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Louisa May Alcott, daughter of Amos Bronson Alcott, one of Emerson's circle of friends, was born in Philadelphia in 1832. Educated mainly by H. D. Thoreau and her father, Miss Alcott served as a hospital nurse during the Civil War. Her first book, Flower Fables, appeared in 1854, and her next work, Hospital Sketches (1863), consisted of her letters home from the Union Hospital during the war. She first gained a wide reputation with Little Women (1868-69), and her best subsequent work was done in the same field. Her chief publications after Little Women are the following: An Old-Fashioned Girl (1870), Little Men (1871), Aunt Jo's Scrap-Bag (1871-79), Work (1873), Silver Pitchers (1876), Rose in Bloom (1876), Jo's Boys (1886), and A Garland for Girls (1887). Good Wives is the second part of Little Women. Miss Alcott died in 1888.
With new, inspiring foreword from bestselling author Caitlin Moran, this Scholastic Classic edition of Louisa May Alcott's most popular and enduring book is beautifully packaged for children today. 'I want to do something splendid... something heroic or wonderful that won't be forgotten after I'm dead. I don't know what,but I'm on the watch for it and mean to astonish you all someday.' Curl up with this timeless classic, and your new best friends - Meg, Jo, Beth and Amy, the four March sisters whose lives will bring tears to your eyes and warmth to your heart, and whose stories will stay with you forever.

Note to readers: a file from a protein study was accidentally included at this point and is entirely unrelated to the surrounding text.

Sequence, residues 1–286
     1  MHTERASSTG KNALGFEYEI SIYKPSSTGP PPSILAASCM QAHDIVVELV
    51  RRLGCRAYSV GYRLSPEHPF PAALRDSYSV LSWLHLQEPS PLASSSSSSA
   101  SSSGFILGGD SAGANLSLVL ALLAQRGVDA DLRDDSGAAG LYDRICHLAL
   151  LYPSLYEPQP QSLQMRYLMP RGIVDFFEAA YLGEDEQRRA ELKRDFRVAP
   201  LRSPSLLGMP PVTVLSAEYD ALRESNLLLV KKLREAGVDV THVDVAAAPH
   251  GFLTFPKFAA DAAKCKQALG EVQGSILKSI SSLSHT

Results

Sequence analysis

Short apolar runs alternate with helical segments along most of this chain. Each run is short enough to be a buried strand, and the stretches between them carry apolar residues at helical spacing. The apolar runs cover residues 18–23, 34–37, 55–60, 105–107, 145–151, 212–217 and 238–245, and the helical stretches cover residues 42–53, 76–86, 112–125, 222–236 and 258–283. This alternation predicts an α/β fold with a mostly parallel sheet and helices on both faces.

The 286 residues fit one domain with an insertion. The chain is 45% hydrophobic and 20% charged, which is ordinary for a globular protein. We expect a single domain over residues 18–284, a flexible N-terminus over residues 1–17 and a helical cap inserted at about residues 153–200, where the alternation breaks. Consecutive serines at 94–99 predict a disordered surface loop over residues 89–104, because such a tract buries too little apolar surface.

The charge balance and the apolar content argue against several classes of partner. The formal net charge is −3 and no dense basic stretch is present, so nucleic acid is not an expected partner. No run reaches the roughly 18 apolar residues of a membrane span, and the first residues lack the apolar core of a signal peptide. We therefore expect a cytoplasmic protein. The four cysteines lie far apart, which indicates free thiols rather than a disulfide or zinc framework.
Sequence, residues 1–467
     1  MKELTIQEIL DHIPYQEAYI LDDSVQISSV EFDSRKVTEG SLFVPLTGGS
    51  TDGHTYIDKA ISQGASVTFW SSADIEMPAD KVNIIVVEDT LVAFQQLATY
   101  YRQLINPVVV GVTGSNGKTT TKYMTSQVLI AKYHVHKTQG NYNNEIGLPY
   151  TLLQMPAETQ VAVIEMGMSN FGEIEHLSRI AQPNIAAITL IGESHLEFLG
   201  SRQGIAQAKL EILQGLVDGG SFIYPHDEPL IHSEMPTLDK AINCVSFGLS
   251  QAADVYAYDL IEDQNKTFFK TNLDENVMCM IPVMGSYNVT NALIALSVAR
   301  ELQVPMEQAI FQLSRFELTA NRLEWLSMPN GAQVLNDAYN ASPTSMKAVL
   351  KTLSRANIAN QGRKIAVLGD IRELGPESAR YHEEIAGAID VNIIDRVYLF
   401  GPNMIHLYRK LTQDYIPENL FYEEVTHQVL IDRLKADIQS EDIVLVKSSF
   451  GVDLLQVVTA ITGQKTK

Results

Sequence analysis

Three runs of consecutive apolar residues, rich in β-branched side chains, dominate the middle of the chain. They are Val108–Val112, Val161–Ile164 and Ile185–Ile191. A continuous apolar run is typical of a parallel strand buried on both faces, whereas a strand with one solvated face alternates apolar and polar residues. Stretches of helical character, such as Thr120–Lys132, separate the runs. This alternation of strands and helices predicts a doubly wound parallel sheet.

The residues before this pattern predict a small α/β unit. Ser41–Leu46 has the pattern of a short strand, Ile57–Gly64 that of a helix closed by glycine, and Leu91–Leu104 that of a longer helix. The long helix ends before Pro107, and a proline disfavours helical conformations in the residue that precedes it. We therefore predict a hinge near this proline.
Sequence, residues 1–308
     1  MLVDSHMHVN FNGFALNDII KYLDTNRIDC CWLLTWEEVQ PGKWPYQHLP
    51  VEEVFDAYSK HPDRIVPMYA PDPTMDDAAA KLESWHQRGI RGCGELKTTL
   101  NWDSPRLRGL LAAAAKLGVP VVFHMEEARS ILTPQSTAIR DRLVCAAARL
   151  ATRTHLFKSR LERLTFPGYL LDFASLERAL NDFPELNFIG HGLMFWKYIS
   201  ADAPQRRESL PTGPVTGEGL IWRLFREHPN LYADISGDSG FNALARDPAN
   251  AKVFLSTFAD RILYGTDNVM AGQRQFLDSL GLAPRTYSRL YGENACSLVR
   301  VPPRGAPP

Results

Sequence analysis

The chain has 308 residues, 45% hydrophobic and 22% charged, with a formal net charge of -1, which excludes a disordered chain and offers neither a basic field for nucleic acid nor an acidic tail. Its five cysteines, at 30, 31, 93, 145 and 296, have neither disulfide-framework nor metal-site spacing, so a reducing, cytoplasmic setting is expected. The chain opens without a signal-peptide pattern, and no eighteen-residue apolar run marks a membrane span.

The four sisters, each with a striking and strong character, between them represent any girls growing up at any time. Meg, the eldest, is sixteen and very pretty; fifteen year old Jo is a tomboy who loves reading; delicate, thirteen year old Beth plays the piano beautifully while twelve year old Amy, is pretty but a little bit selfish and indulged. How their sisters fill their time with creative activities and good work and how they all fall in love in their different ways with the boy next door is full of period charm as well as being totally topical and applicable for modern readers. Each book in the Wordsworth Collector’s Editions series will make an attractive addition to any home or school library. Featuring stylish cover illustrations that are at once classic and contemporary, gleaming gold foil, and an elegant compact hardback format, they make glorious gifts for readers young and old.